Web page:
1. Jeremy Kai is a Toronto-based photographer and urban explorer who fearlessly journeys into the dark underbelly of Toronto’s sewers.
After graduating from the Ontario College of Art & Design, Jeremy has spent the last eight years documenting the storm drains and sewers that lie hidden beneath the streets of Toronto. What he discovered is a labyrinth of 19th century tunnels that few will ever see.
3. Jeremy tells BuzzFeed about his explorations:
4. “What interests me most about cities is their relationship to the natural landscape. The Toronto of 150 years ago had numerous creeks and rivers that zigzagged through what is now dense neighborhoods and skyscrapers.”
6. “Since we cannot stop the flow of water, we buried it below the surface to fit the needs of the urban topography.”
8. “To walk through these entombed rivers, some which were buried in the late 19th century, is like stepping back into time. Many of the tunnels have unique architectural qualities that very few people will have a chance to appreciate.”
10. “If I had to choose a term to describe my photos, it might be ‘romantic urban archaeology’. I’m not ashamed to admit that on some excursions underground I’ve felt a bit like Indiana Jones when I discover something fascinating.”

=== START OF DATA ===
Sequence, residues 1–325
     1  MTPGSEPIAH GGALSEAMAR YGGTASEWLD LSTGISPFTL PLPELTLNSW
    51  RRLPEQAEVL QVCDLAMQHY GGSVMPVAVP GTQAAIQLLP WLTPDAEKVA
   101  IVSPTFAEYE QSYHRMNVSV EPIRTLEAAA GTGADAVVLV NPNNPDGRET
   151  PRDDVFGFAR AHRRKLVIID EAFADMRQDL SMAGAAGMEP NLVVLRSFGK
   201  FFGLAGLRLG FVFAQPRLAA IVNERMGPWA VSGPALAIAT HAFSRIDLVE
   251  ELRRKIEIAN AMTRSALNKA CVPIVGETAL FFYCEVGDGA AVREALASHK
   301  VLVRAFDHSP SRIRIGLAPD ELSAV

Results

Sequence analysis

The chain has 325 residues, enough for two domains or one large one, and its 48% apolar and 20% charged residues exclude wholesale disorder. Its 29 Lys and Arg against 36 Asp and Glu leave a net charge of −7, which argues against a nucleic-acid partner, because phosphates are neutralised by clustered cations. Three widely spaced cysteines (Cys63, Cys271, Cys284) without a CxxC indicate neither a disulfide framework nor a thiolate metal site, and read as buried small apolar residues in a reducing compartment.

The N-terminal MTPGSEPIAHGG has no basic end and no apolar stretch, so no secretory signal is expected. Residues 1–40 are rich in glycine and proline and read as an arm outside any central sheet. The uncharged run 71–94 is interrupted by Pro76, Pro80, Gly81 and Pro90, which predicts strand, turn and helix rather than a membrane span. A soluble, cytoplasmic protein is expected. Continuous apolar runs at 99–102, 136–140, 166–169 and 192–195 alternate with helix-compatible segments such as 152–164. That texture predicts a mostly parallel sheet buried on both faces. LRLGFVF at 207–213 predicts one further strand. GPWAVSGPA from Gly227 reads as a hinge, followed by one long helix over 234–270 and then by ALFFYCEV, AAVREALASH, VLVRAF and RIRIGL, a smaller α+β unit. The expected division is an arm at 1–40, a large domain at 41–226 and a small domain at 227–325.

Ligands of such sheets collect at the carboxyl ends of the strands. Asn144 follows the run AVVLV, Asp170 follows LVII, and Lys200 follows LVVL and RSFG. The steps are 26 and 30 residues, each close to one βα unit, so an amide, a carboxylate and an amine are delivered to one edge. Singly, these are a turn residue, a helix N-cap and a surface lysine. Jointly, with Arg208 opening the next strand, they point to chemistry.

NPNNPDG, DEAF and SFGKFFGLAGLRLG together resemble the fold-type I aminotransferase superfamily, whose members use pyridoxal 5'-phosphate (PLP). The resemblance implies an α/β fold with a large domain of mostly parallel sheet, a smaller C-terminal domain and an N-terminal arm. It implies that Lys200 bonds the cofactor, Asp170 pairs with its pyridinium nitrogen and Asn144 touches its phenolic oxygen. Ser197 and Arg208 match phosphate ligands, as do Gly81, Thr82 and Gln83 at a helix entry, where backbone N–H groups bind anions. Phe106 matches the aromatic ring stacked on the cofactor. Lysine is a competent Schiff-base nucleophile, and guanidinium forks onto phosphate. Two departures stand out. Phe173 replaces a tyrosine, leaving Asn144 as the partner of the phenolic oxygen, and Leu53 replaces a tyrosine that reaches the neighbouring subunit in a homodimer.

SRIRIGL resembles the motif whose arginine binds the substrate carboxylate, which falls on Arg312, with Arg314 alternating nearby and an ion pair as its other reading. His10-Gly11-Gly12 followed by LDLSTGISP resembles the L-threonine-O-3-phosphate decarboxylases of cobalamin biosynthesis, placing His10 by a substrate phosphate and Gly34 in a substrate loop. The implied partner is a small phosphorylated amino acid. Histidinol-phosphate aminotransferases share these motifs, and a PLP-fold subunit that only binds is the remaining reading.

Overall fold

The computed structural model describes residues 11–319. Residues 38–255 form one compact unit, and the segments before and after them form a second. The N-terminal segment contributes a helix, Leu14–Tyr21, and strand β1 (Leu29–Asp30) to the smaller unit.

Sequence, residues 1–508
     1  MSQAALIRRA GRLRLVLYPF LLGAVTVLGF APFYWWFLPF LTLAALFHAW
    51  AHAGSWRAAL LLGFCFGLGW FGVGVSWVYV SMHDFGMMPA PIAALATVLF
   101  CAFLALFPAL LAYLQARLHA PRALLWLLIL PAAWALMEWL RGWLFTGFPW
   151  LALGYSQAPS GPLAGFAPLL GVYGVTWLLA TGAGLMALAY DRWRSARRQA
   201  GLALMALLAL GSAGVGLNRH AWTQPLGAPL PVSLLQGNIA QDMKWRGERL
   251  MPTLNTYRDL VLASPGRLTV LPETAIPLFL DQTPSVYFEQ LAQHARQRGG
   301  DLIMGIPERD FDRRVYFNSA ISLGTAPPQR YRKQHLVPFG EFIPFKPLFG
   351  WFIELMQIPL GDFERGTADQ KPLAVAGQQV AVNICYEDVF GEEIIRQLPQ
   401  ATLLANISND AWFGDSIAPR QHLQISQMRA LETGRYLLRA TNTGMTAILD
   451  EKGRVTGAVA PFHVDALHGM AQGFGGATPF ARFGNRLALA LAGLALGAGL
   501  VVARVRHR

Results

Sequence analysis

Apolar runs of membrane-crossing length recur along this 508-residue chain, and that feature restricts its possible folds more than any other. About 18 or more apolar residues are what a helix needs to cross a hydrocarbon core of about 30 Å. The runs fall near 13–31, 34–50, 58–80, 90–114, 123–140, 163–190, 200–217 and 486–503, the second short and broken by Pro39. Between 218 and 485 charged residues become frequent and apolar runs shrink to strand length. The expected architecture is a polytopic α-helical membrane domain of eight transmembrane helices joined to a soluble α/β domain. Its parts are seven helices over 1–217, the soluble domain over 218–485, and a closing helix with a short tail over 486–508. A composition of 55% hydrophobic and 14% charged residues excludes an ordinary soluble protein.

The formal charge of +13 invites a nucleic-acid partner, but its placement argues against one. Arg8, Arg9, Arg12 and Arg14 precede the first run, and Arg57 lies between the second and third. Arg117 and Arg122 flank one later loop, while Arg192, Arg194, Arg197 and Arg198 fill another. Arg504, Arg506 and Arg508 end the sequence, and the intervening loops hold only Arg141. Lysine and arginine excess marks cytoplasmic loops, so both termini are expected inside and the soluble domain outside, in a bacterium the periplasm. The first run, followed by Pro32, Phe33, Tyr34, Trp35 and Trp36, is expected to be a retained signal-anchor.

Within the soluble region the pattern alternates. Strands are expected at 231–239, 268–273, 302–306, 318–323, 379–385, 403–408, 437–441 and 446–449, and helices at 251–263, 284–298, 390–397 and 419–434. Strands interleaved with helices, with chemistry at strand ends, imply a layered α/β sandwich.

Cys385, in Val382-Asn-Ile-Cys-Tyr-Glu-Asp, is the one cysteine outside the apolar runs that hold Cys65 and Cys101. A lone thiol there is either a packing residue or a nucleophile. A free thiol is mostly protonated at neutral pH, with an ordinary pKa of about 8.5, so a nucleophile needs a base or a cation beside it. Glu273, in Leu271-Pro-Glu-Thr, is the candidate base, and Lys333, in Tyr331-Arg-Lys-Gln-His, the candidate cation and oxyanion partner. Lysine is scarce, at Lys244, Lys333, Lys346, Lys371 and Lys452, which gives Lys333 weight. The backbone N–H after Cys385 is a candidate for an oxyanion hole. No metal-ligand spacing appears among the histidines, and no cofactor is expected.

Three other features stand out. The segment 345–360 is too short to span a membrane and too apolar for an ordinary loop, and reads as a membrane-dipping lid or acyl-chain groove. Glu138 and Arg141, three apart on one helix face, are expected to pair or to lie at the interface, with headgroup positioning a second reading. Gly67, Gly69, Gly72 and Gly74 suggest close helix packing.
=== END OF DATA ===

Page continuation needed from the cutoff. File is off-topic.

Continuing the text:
12. “During storms, rain from the street gets diverted directly to these pipes–it doesn’t take long for water levels to rise and become extremely dangerous.”
14. “Luckily, I’ve never been in the situation where I had to rush out of a drain because I’m always careful to check weather forecasts and conditions before exploring.”
16. “Underground, the risks are subtle but dangerous. You could slip, you could drown, you could fall down a shaft, you could pass out from gas inhalation, or you could even get arrested and charged with trespassing and mischief.”
18. “If I’m ever in the position where I feel unsafe, I assess the situation and might decide to turn around and leave. Obviously you should never go down a storm drain or sewer when it rains. That’s the golden rule.”
20. “But the goal is always the same: I want people to see their city beyond the visible and the obvious. Beneath the veneer, there are hidden places of grandeur and historic significance that will never appear on postcards or travel reviews.”
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